Car-sharing not always greener than owning one
Car-sharing is becoming very popular and a step in the right direction for clean air and climate neutrality, but it doesn’t automatically lead to lower emissions. “Car-sharing only brings environmental benefits if it reduces car ownership. That doesn’t happen explicitly now,” Flemish researchers conclude.
70% of those who occasionally use a shared car do so mainly because it is faster than taking public transport. 60% want to keep their own cars and use the shared car in addition. This is shown by a survey of more than 2.000 Flemish drivers conducted by the economic research center Steunpunt Circulaire Economie.
The survey is not a perfect reflection of the population because the researchers recruited respondents from car-sharing companies. “Their answers give a good picture of what motivates Flemish people to car-sharing and what the obstacles are,” says researcher Donald Chapman.
Reasons for car-sharing
Everyone associates car-sharing with environmental benefits. These appear to be the second most important motivation to engage in car-sharing (for 94 % of car sharers). Even more important is the possibility to use a car occasionally.
The cheaper price tag compared to owning a car is also decisive. Just like avoiding the hassle with insurance and maintenance. Moreover, users find it faster than taking public transport.
It also appears that car sharers are less likely to own a car and more likely to have a subscription to public transport than non-car sharers. Moreover, people who share cars more often travel on foot, by bicycle, or by public transport than those who own a car. 75% of car sharers never drive a private or company car. If they do so at all, it is for shorter distances.
Adding to climate pressure
The intentions for the future also look greener among car sharers than among car owners. The chance that they will buy another car in the next five years is about ten times smaller than with people who don’t do car-sharing.
Nevertheless, the main conclusion of the researchers is that car-sharing risks contributing to environmental pressure rather than reducing it. 60 % see car-sharing systems as an extra transport option and it does not reduce car ownership. “The picture does look a little rosier if you count the people who answer that question with ‘I agree somewhat’,” says Chapman. “Then, 69 % consider car-sharing something that replaces their own car.”
Car-sharing instead of public transport
Another problem is the ambiguous effect on public transport. “The fact that 70% of car-sharing users do so because it is faster than public transport suggests that for many, it replaces public transport, which is detrimental to the environment,” says researcher Luc Alaerts (KU Leuven). “So car-sharing is not necessarily a positive thing.”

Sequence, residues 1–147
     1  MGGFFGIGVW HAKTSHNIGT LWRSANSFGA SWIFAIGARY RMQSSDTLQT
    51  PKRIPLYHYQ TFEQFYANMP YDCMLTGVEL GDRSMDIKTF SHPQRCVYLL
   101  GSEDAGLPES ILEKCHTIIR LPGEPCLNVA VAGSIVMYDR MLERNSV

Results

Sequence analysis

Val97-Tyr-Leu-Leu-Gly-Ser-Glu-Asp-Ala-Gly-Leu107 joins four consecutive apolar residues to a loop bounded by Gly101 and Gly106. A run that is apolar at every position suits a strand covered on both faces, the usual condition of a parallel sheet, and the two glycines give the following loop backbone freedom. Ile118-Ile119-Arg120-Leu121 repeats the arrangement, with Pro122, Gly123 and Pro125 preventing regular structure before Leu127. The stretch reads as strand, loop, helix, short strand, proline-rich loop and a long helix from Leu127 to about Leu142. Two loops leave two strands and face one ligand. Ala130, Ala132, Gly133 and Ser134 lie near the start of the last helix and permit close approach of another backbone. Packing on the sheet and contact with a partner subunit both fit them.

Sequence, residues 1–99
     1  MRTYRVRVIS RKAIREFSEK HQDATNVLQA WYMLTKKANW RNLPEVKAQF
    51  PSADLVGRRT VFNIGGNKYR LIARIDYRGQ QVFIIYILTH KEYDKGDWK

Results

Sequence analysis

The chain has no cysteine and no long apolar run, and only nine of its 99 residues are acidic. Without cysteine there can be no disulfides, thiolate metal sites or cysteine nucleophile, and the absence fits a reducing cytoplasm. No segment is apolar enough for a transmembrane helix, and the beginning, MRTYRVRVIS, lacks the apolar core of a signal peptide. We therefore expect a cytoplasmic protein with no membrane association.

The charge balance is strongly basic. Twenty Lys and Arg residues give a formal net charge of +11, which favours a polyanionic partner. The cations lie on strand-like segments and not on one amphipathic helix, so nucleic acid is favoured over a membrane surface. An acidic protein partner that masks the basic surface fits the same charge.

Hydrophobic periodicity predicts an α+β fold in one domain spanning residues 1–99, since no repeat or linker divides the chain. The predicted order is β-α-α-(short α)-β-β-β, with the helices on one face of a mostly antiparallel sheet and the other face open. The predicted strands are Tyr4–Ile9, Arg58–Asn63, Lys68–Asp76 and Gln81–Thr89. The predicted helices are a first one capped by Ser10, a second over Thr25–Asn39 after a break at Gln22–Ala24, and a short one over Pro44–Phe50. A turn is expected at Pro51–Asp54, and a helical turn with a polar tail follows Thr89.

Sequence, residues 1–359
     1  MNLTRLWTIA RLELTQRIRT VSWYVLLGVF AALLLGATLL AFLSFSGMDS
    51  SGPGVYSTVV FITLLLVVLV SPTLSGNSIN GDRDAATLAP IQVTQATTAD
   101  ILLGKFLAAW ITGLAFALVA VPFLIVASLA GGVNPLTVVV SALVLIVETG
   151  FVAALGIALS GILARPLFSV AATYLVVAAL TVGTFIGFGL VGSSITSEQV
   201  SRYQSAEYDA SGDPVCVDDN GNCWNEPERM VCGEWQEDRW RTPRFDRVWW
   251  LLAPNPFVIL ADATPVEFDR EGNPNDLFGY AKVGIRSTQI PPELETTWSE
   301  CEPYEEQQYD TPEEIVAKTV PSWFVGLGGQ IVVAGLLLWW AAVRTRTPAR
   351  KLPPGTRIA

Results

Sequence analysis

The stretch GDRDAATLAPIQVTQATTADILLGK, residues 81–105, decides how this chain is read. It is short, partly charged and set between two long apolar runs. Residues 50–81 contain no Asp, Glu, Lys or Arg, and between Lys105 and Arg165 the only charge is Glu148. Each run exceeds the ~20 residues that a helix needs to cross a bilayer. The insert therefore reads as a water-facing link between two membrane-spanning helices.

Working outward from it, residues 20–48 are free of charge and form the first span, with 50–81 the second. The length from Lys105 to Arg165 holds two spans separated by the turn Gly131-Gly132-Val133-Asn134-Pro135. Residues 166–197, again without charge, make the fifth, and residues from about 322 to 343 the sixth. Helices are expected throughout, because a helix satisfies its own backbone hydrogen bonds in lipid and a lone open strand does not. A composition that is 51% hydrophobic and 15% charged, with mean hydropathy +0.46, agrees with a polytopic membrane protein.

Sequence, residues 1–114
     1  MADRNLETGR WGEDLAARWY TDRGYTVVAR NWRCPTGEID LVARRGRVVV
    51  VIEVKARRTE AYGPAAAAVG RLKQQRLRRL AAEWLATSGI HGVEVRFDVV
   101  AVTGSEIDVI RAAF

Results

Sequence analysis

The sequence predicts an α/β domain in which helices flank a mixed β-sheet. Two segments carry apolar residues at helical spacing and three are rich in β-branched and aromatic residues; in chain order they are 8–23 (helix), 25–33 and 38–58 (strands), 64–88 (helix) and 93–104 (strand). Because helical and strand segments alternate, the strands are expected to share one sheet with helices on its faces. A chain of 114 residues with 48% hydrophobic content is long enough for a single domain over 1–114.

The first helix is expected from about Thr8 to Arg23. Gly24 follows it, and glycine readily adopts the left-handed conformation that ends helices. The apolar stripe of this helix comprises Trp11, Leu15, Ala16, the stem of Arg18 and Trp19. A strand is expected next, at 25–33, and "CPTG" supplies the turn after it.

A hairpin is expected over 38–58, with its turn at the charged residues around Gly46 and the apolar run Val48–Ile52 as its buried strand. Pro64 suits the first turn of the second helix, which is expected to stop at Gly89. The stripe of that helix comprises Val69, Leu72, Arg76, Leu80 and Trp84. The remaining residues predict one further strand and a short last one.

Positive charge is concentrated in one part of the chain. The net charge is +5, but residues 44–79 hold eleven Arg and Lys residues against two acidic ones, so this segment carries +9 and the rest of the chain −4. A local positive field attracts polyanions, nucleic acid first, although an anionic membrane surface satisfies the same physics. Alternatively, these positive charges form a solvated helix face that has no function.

This is also reflected in calculations of the amount of greenhouse gas saved. In the most favorable scenario, in which car sharers drive less, this is 1.064 kilos less per week. But in a scenario in which the car-sharing system is combined with other car use, you get 238 kilos more emissions per week.
The researchers’ message to the government is, therefore, not to promote car-sharing just like that. “It only benefits the environment and the climate when it is at the expense of car ownership, and that is not happening now,” says Alaerts.
The statistical analysis shows that company cars also prevent people from car-sharing. The lack of parking spaces for shared cars and the lack of availability are also inhibiting factors. Almost 40% of the people who do not participate in car-sharing indicate that they would do so if parking were easier.
Chapman and Alaerts advise against removing both obstacles. “When parking with shared cars becomes very easy without making parking with private cars more difficult or expensive, you simply risk more car use,” says Alaerts. “Providing more cars also means a lot more car use if you don’t simultaneously counteract car ownership.”
Better public transport needed
Making car-sharing cheaper is also not a good idea. 90% of users already do it because it is cheaper than owning a car. And for those who do not share, the cost is the least important factor for not doing it.
“If car-sharing becomes cheaper through subsidies,” says Chapman, “there is a greater risk of increased car use. Policymakers must, therefore, avoid subsidies for car-sharing.”
So, what should be done? Chapman: “Better public transport, less car ownership, and especially fewer company cars are the most important conditions to make car-sharing meaningful.